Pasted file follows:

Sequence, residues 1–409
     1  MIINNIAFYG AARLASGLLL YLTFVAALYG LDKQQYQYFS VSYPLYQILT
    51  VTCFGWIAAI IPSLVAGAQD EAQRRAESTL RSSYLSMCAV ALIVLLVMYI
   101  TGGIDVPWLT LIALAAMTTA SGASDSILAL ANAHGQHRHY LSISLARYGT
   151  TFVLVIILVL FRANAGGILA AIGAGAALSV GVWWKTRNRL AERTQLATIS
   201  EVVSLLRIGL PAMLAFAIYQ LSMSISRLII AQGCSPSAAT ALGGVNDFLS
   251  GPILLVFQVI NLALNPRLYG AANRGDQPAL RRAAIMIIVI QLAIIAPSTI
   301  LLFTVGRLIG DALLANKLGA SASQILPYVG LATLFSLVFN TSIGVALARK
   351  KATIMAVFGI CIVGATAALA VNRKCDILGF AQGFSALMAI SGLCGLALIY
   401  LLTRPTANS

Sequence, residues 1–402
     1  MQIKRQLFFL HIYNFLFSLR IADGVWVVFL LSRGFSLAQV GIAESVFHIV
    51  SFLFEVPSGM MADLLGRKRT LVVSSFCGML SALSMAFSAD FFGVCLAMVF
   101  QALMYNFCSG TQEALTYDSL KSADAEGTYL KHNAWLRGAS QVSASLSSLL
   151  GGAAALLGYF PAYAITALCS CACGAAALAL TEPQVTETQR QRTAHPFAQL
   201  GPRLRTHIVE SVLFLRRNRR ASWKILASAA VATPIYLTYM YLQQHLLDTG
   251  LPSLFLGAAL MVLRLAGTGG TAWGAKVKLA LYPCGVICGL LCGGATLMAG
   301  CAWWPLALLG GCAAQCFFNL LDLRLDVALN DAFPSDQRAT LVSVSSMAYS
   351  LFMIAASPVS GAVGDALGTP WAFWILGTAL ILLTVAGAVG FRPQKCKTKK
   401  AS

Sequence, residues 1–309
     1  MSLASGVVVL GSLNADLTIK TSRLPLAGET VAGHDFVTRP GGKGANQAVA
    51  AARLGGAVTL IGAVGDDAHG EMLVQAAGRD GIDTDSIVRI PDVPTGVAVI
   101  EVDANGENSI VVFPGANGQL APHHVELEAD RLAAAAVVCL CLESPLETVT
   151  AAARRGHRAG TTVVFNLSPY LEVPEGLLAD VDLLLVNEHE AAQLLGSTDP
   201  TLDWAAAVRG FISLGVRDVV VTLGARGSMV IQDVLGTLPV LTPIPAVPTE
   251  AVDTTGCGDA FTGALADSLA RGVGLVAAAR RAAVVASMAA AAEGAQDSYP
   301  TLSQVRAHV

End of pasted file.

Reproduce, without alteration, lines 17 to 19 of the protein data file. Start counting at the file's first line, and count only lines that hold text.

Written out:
   251  LPSLFLGAAL MVLRLAGTGG TAWGAKVKLA LYPCGVICGL LCGGATLMAG
   301  CAWWPLALLG GCAAQCFFNL LDLRLDVALN DAFPSDQRAT LVSVSSMAYS
   351  LFMIAASPVS GAVGDALGTP WAFWILGTAL ILLTVAGAVG FRPQKCKTKK